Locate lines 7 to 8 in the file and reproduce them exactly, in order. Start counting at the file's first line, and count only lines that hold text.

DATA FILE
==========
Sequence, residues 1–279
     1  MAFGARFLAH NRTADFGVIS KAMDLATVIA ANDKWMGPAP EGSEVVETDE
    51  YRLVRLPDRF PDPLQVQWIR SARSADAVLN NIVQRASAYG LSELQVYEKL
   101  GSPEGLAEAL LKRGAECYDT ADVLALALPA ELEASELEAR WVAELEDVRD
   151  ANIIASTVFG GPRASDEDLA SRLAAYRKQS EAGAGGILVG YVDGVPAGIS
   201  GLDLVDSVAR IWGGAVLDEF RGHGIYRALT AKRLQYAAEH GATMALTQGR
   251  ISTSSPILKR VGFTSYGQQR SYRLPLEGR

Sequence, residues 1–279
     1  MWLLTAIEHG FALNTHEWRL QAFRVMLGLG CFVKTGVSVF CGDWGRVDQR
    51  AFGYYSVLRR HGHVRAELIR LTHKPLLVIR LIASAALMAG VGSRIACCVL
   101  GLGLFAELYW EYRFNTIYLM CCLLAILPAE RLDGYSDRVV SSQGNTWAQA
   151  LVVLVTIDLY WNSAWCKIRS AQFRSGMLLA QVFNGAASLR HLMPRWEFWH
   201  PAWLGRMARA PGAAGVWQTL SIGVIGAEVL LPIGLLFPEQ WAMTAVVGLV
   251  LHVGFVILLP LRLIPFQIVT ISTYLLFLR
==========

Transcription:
   251  ISTSSPILKR VGFTSYGQQR SYRLPLEGR

Sequence, residues 1–279